Lastly, Chris Ingraham breaks down vaccination rates by state and looks for patterns, though they’re actually hard to find:

Alabama usually accompanies Mississippi at the bottom of health rankings, but it does even better when it comes to vaccines — 77 percent of toddlers there are completely covered. Overall, state-level vaccine rates buck the familiar trend of “south= bad, northeast and west = good” that we see on countless other health measures. New Hampshire kids are well-vaccinated, but Vermont and Maine kids less so. Mississippi comes in at #12 in the rankings, while just across the river Arkansas is dead-last. California, currently in the news for a large measles outbreak at Disneyland, is squarely middle-of-the-pack at number 30.

It’s tough to tease out demographic patterns behind vaccination rates. In California, some affluent areas have lower vaccination rates than the average. But looking at all 50 states, there’s a small correlation between increased income and increased vaccination. Some people maintain that vaccine skepticism is strongest on the left, but the data don’t support that notion.

Flu

Basically:

The annual influenza outbreak has reached widespread levels in 43 states – up from 36 states a week ago.

Flu season arrived early this year – reaching epidemic levels last week:

That the flu has reached epidemic status is not unexpected — this is a regular part of flu season — but it has reached epidemic levels somewhat earlier than it usually does. The last two flu seasons were declared to be epidemics in mid-January.

And this year’s flu vaccine isn’t well suited to the bug going around:

This season is looking particularly bad because the predominant strain, H3N2, is not completely covered by the current flu vaccine and tends to have more severe symptoms. H3N2 accounted for the majority of the strains tested by the CDC so far this season, according to a health advisory issued in early December.

Sarah Zhang explains why flu vaccines don’t always work:

A network of labs working around the world is always on the lookout for new and emerging viruses year-round. These viruses are then tested against human blood serum; the ones that provoke the least immune response are the ones that are most novel and dangerous to the population.

But flu viruses naturally mutate, which is, after all, why we have to formulate a new flu vaccine each year. This year, the H3N2 virus mutated faster than usual, so the vaccine we now have is less effective against the H3N2 virus that is circulating most widely. The new H3N2 was first detected in March of 2014, and it became common by September. And now it’s too late to add it to this year’s flu vaccines altogether, thanks to the decades-old process we use to create vaccines in the first place.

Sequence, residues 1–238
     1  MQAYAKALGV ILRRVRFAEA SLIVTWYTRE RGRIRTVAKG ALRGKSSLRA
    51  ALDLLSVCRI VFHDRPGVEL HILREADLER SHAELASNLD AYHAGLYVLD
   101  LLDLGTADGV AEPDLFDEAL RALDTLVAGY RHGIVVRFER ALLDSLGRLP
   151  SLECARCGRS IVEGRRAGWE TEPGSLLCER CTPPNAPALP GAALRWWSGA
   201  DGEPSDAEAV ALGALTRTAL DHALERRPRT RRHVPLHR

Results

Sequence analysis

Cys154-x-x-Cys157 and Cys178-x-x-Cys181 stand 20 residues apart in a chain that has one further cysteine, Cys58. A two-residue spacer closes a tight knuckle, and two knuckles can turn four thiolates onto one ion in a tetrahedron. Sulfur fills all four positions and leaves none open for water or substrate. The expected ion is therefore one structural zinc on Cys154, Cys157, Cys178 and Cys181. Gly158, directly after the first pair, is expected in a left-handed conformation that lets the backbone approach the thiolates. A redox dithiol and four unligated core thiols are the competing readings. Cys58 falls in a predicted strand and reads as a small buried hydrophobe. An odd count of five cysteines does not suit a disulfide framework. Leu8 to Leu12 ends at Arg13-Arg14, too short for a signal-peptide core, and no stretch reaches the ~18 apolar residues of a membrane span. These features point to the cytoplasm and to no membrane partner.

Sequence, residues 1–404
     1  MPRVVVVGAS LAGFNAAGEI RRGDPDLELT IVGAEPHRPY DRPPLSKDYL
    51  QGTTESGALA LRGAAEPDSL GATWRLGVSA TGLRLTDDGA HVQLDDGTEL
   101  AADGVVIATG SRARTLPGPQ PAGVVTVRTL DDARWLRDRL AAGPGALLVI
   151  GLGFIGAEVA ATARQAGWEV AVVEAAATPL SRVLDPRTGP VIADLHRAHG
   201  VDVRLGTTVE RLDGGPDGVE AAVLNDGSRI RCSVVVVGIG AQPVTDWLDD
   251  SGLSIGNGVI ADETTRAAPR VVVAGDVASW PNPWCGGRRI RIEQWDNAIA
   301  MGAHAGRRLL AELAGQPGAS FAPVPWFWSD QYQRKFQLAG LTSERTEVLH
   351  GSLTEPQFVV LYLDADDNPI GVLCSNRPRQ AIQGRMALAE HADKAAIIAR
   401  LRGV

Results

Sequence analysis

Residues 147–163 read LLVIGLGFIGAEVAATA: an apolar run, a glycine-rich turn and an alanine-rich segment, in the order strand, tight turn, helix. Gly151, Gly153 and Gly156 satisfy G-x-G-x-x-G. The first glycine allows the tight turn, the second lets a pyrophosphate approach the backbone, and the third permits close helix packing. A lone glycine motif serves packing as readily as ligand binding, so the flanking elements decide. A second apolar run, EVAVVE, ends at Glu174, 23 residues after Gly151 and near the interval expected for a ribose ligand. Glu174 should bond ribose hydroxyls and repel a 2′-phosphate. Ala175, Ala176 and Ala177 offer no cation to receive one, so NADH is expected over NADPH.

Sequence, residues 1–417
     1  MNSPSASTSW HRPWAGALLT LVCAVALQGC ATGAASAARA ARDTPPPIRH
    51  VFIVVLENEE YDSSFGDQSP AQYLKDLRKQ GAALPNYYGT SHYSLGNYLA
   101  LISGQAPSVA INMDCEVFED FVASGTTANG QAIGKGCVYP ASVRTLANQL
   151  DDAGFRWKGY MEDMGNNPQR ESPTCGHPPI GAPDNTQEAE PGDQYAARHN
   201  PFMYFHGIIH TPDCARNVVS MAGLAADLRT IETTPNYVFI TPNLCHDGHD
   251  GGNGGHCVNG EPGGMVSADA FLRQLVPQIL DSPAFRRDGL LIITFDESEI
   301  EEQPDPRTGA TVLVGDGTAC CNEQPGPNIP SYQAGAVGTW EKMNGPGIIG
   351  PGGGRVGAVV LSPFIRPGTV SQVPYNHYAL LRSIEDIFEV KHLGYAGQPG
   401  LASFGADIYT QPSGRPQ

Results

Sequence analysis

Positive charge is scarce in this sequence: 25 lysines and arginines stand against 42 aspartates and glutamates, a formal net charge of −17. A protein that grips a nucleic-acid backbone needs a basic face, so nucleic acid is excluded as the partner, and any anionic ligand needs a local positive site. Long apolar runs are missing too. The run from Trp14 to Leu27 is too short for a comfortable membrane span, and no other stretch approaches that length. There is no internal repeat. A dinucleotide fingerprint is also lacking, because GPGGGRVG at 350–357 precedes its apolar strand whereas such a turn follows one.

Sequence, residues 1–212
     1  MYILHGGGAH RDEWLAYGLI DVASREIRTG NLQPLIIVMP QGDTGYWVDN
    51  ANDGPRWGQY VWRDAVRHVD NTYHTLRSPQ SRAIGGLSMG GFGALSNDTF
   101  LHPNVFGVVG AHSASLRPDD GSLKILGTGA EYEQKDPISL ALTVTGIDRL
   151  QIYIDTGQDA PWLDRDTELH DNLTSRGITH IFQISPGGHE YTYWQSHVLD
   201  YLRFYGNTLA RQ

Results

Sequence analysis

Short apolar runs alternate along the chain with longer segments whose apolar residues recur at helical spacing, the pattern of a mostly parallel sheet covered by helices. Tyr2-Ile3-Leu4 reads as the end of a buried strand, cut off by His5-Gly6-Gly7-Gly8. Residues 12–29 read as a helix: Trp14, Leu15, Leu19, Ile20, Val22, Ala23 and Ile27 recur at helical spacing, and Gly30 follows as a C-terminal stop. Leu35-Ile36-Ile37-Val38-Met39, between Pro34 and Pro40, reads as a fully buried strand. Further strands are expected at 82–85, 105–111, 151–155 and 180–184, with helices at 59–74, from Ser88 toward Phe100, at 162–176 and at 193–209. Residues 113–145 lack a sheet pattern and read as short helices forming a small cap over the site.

Kent Sepkowitz defends the flu vaccine, even if it’s somewhat less effective than normal:

25,000 to 40,000 people a year die of influenza—the vast majority of them unvaccinated. A simple halving of the number with today’s mediocre vaccine would represent a major public-health triumph. By way of comparison, about 14,000 people in the U.S. died of AIDS in 2011—a vaccine to cut that number in half likely would result in a Nobel Prize.

That’s why the CDC still wants you to get the shot:

[T]he vaccine is still effective in about one-third of cases. “While some of the viruses spreading this season are different from what is in the vaccine, vaccination can still provide protection and might reduce severe outcomes such as hospitalization and death,” said [Darlene Foote, a representative of the CDC].

(Chart from the CDC)

Amanda Schaffer contemplates Eula Biss’s new book about vaccination:

Biss sympathizes with parents who fear vaccines, and she understands the cultural roots of their hesitation, which include an insistence on bodily independence; an obsession with physical purity, free from chemicals; and even a kind of pre-industrial nostalgia that casts vaccines as newfangled and SWITZERLAND-HEALTH-EBOLA-WAFRICAunnatural. She focusses on the historical antecedents to today’s shots, complicating the view that immunization is modern and therefore scary. In the eighteenth century, farmers observed that those who were exposed to cowpox tended not to develop smallpox later on. The physician Edward Jenner tested this connection by transferring fluid from a milkmaid’s pustule to the skin of a young boy, who then developed immunity to smallpox. Historical figures, including Cotton Mather, Mary Wortley Montagu, and Voltaire, championed the practice of variolation, in which individuals were infected with a mild form of smallpox to protect them from a more severe version of the disease.